Love Column: Can we love more than one?
Published for The Berkeley Beacon March 13 2018 Issue
I never expected to find myself Googling, “What is polyamory?” but I felt desperate and confused. Suddenly, I found myself casually dating and falling in love with both a boy and a girl. I wanted to share my heart and my love with both of them. I wanted to be with both of them.
The Ethical Slut by Dossie Easton and Janet Hardy, widely considered the modern “poly” bible, says the definition of polyamory is still somewhat vague. Some views of polyamory include all forms of sexual relationships besides monogamy, while others restrict it to committed love relationships. The latter was my situation last summer when I was in a long-distance, open relationship.
The non-monogamous relationship we had helped with the separation. We maintained honesty and strong communication. We never lied to each other about going on dates or any physical intimacy with another partner. After endless how-to articles and hours of uncomfortable discussions, we learned we could define our relationship in any way we wanted. We agreed that we could like a person, but we could never love them. We were in what was called a “committed love relationship.”
I ended up falling in love with my summer fling. But I loved my boyfriend more than my short fling and didn’t want to lie or cheat on him. Polyamory is not cheating–all partners consent. I respected the terms of my open relationship, so I bid a bittersweet goodbye to my morning gym and driving partner on our last date.
Carrie Jenkins, author of What Love Is: And What It Could Be, says polyamory is difficult to define, and that she can only tell what it means to her. She narrows polyamory down to its etymology: multiple loves. Jenkins is in more than one loving relationship. The textbook definition of polyamory is the state or practice of having more than one open romantic relationship at a time.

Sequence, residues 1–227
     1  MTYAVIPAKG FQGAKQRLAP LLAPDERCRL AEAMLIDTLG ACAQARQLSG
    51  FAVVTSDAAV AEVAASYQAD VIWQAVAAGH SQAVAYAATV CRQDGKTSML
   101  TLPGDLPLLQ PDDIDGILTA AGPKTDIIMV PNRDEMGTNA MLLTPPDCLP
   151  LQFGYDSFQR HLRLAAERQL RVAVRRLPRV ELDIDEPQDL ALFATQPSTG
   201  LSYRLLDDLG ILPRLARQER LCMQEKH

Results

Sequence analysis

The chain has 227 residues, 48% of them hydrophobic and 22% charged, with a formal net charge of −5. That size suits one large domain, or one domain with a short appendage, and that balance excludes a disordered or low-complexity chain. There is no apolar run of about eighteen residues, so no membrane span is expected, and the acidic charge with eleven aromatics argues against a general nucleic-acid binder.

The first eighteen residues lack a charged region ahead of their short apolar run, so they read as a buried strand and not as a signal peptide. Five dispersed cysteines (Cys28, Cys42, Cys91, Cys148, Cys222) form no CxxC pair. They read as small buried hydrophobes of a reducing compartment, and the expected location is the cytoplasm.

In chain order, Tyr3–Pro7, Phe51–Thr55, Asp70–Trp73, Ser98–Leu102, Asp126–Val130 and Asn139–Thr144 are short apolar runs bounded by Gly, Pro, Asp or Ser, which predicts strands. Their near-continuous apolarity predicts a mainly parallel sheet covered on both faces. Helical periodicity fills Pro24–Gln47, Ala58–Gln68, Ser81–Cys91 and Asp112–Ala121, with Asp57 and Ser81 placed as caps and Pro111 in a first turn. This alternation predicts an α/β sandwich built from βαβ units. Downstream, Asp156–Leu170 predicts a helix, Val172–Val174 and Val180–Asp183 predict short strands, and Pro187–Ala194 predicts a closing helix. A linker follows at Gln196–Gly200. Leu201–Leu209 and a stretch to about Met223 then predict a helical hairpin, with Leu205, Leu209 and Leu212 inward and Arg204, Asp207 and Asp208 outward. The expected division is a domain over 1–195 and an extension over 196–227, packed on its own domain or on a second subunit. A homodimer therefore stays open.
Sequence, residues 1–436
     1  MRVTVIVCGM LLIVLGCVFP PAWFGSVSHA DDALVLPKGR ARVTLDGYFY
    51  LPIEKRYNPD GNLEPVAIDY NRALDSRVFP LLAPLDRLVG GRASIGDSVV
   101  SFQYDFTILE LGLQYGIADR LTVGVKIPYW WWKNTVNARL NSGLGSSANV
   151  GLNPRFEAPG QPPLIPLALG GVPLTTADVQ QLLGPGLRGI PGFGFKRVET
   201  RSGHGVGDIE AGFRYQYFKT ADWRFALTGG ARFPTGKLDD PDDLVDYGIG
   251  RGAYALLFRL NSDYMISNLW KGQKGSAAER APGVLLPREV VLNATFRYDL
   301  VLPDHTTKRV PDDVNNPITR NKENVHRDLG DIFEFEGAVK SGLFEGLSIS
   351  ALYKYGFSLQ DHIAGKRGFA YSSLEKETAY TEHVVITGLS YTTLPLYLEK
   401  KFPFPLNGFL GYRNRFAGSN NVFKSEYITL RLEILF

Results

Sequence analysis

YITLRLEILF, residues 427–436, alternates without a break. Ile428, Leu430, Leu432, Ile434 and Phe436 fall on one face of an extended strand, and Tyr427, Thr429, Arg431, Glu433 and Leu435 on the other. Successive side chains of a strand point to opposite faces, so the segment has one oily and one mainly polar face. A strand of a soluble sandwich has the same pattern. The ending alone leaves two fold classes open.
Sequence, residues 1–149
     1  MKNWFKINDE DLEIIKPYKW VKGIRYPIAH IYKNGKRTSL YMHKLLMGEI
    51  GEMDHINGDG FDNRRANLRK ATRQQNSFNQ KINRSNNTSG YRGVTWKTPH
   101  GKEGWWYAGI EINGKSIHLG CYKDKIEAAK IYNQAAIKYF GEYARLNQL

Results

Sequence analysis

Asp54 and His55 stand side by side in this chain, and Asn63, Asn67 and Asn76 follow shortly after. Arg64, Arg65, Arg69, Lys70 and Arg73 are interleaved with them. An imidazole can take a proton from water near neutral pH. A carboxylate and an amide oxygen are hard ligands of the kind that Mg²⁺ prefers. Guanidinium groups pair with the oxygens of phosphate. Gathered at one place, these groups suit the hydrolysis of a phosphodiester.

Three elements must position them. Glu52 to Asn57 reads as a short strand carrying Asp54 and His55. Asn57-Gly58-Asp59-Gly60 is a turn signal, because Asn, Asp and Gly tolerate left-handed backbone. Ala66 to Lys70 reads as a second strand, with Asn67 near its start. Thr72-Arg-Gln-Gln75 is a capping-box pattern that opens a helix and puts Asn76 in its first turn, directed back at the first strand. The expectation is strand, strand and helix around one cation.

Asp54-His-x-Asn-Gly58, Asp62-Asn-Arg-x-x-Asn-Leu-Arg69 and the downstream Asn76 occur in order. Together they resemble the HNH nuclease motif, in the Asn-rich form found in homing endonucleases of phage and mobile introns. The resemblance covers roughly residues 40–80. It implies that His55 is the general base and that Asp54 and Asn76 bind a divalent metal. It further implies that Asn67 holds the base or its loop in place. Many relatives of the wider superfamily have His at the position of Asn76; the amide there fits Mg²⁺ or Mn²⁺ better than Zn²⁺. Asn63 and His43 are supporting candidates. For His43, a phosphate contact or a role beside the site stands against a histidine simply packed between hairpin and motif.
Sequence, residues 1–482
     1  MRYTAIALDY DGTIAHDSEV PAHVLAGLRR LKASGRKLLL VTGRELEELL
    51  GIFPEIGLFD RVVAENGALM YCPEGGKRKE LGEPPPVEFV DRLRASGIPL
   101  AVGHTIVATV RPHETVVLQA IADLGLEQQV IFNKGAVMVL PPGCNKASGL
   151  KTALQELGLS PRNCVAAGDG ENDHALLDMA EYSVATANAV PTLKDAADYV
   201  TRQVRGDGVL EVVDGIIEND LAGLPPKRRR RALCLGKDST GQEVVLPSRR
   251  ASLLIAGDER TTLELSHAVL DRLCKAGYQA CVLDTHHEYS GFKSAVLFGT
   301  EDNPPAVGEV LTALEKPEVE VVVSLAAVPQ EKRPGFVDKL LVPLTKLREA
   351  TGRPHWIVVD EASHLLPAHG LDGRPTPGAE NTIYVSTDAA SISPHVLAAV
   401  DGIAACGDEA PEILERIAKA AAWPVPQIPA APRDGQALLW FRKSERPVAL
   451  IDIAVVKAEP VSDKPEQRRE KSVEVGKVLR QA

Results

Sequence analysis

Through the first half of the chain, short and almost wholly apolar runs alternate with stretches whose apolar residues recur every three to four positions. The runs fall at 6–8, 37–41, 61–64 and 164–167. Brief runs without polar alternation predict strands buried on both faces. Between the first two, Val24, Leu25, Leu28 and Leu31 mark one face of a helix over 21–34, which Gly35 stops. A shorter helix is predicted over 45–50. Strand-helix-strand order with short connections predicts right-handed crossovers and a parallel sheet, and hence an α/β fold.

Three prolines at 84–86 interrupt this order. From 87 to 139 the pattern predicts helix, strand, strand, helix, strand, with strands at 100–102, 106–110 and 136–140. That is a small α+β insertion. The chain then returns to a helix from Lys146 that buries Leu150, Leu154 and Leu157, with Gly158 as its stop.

Deep down I knew I wanted multiple loves, with both the boy and girl I was falling for at the moment, but I was ashamed. I’m a devout Catholic, and this idea goes against what I’ve been taught about monogamy and marriage. I felt pressure from both myself and my friends to pick between partners.
In the end, I wasn’t able to fulfill my polyamorous dreams. Since polyamory is such a vague term, millennials are labeled by the media as “polyamorous:” a compulsion for sleeping with and/or dating multiple people.
To me, the way others thrive in this hookup culture doesn’t seem like polyamory at all. Sexologist Jillian Deri says polyamorous people tend to form deep, emotional connections, while people who are generally monogamous are not necessarily polyamorous—they’re just dating around until they fall in love with someone. I believe most of my generation is doing the latter, while I’m open to settling down with more than one person. Sometimes I want two relationships while still hooking up with other people.
Polyamory is more present in society than people think. According to Psychology Today, at least 9.8 million Americans are in some kind of non-monogamous relationship. Google searches for polyamory and open relationship rose steadily from 2006 to 2015, according to a study published in the Journal of Sex Research. ‘What is a poly relationship?’ was the fourth most relationship-related question searched on Google in 2017.
Polyamory might not be for everyone, but it benefits people like me. I don’t have to worry about conforming to monogamy and its labels. I can satisfy my sexual and romantic curiosity. My fantasy of being in a polyamorous relationship with two partners didn’t become a reality, but at least I know now that I can fall in love with more than one person and be comfortable with it.